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numbered 8-N-208.2, and shortened from 32 to 30 weeks; and the Advanced, Electronic Phase, Medical Equipment Maintenance Course (8-R-F12) has been changed to the Medical Equipment Maintenance Course (Supplementary and Refresher) and renumbered 8-N-F12. In addition, these three courses are now to be conducted for warrant officers as well as for enlisted personnel. The annual training capacities for the Medical Records and Reports Course (8-R-715.1) and the Medical Laboratory Procedures Course (8-R-931.1) have been increased from 150 to 300 students and from 528 to 768 students, respectively, to provide for the training of the additional personnel in these fields that will be needed in fiscal year 1961.

There has been an annual requirement to train approximately 5,000 active Army enlisted personnel as medical specialists (MOS 911.1), but the training capacity at the Army Medical Training Center was only 2,500. By allocation of additional funds and trainer personnel, the annual training capacity in this specialty will be increased, effective 1 July 1960, and nearly 4,500 are programmed to be trained during fiscal year 1961.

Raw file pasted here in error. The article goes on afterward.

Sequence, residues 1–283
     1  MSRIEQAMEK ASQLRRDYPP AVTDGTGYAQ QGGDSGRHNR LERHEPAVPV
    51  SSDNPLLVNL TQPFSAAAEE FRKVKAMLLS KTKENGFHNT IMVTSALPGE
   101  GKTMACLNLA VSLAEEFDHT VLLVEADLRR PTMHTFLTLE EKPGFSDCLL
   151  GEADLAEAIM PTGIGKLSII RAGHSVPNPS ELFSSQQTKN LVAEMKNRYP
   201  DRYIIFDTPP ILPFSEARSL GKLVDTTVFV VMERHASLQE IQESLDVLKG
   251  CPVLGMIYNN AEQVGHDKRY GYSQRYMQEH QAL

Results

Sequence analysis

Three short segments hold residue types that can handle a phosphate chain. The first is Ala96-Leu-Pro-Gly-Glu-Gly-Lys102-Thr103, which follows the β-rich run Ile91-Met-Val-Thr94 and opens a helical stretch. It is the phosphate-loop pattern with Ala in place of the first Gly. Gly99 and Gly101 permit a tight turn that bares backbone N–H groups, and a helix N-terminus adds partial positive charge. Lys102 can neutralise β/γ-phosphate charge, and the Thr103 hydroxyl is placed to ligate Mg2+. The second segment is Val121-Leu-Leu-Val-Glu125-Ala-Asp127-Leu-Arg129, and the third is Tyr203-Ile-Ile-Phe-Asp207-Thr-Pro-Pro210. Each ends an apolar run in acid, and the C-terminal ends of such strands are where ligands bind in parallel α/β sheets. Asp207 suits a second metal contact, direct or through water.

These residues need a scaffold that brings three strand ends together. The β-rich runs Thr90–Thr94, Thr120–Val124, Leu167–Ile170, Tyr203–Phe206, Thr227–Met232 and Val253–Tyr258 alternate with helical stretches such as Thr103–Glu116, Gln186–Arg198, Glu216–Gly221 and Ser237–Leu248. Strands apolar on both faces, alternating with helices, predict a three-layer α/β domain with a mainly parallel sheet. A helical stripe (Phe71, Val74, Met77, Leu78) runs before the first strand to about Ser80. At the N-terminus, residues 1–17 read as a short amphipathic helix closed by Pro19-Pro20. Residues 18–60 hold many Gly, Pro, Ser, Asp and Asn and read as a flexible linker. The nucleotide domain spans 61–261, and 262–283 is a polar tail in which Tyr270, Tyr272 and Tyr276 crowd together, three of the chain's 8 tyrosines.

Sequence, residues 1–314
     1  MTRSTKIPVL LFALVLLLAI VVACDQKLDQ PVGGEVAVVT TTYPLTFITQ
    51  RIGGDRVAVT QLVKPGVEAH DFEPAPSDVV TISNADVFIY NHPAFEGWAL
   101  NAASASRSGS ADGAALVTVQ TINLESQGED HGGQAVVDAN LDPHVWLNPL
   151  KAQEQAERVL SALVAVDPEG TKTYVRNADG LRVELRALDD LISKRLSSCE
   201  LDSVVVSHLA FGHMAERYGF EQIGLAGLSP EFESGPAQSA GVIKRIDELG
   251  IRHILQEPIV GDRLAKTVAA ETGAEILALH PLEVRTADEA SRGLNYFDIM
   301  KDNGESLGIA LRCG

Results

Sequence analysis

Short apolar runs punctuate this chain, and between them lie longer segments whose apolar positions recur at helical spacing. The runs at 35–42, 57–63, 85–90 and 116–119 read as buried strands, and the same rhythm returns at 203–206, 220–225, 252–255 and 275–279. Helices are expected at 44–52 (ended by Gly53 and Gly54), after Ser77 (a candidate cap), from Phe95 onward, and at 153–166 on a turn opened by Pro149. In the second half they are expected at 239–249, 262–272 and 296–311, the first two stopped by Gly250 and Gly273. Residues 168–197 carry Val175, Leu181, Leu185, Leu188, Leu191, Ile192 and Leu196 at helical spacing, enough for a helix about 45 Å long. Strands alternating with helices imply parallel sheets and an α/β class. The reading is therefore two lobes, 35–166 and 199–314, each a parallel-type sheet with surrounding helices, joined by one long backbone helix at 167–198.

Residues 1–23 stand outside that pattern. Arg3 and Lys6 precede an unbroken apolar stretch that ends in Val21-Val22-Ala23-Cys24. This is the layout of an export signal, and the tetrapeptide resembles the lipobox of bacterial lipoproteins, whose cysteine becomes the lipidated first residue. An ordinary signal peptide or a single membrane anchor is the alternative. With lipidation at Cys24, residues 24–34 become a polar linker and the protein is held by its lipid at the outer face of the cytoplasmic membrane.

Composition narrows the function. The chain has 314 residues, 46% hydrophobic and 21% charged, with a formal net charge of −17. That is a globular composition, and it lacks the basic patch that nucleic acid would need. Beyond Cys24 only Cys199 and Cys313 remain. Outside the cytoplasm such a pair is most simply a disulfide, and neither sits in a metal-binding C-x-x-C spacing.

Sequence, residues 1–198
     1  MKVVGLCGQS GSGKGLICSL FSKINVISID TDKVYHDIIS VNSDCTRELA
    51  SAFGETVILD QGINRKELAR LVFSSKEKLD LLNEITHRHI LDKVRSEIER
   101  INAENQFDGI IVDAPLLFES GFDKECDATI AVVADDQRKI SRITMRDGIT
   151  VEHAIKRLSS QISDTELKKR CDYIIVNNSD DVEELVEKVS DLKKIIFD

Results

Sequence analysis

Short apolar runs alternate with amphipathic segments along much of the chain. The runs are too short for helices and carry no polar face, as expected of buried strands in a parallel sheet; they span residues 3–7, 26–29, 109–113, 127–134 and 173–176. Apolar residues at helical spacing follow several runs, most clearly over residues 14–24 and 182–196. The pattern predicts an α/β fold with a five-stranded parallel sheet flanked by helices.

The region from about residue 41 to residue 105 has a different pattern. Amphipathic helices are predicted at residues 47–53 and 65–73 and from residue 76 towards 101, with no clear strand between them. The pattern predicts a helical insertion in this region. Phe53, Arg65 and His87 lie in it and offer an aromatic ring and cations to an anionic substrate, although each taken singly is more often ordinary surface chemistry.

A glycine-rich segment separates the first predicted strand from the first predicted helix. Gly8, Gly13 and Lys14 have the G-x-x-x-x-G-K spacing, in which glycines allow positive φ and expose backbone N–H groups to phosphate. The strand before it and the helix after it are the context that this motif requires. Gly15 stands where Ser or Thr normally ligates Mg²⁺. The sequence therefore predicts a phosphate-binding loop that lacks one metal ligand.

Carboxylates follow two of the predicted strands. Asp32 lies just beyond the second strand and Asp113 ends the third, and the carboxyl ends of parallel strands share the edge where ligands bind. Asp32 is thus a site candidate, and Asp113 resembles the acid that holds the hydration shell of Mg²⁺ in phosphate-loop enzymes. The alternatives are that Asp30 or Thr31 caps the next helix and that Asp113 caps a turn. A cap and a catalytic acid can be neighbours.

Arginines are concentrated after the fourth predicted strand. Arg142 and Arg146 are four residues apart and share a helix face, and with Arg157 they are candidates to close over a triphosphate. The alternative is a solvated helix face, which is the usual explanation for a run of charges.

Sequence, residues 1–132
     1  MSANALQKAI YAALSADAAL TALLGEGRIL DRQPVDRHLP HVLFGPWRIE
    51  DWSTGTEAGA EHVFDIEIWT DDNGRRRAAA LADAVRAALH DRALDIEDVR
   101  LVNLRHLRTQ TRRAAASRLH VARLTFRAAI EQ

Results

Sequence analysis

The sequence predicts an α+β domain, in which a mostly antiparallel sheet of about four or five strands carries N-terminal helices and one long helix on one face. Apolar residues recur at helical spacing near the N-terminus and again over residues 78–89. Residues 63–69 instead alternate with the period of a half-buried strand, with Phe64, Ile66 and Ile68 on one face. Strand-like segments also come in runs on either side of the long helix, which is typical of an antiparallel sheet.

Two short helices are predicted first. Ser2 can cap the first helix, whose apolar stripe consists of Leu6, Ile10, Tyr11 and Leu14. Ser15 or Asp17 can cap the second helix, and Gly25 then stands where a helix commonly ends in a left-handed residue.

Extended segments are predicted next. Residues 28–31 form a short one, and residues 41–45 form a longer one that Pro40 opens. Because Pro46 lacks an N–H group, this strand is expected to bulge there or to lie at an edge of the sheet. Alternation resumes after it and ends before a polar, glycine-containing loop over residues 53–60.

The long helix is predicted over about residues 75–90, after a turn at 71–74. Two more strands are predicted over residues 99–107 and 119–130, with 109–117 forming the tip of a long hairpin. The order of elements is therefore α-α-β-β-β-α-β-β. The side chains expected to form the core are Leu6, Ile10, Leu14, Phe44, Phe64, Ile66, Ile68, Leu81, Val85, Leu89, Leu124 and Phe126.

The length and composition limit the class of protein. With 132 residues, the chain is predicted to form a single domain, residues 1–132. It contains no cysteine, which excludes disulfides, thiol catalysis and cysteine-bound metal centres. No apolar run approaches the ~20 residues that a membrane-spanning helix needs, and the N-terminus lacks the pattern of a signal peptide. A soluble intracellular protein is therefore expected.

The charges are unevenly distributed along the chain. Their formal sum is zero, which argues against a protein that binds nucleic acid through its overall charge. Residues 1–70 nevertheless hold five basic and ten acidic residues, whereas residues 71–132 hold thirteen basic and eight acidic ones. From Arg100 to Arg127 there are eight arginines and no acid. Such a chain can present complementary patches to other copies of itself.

Several medical specialties do not lend themselves to formal service school courses, either because of the small number of personnel required in the specialty or because of the specialized facilities needed to conduct the training. Accordingly, on-the-job training was conducted at 7 Army general hospitals for 7 orthopedic brace specialists (MOS 451.3) and 20 orthopedic cast specialists (MOS 451.2) during the year. On-the-job training was also conducted at the U.S. Army Medical Optical and Maintenance Activity for seven optical laboratory specialists (MOS 453.1), and at the Fitzsimons General Hospital for one prosthetic eye technician (MOS 002.7). Arrangements have been made to provide on-the-job training during fiscal year 1961 for 36 veterinary specialists (MOS 084.1) at the Walter Reed Army Institute of Research and at the Army Medical Research Laboratory, and for 11 physical reconditioning specialists (MOS 922.1) and 16 occupational therapy specialists (MOS 923.1) at the Letterman and Valley Forge General Hospitals.

During the year, two enlisted men attended the Aeromedical Evacuation Technician Course conducted by the Air Force, and one attended the Pharmacy Technician Course presented by the Navy.